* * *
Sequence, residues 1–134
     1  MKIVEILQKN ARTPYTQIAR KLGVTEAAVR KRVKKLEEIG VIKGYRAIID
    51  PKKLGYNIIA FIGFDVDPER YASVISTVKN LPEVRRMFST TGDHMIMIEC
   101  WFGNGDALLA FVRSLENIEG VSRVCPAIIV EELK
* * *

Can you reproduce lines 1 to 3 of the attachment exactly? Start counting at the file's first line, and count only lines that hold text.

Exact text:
Sequence, residues 1–134
     1  MKIVEILQKN ARTPYTQIAR KLGVTEAAVR KRVKKLEEIG VIKGYRAIID
    51  PKKLGYNIIA FIGFDVDPER YASVISTVKN LPEVRRMFST TGDHMIMIEC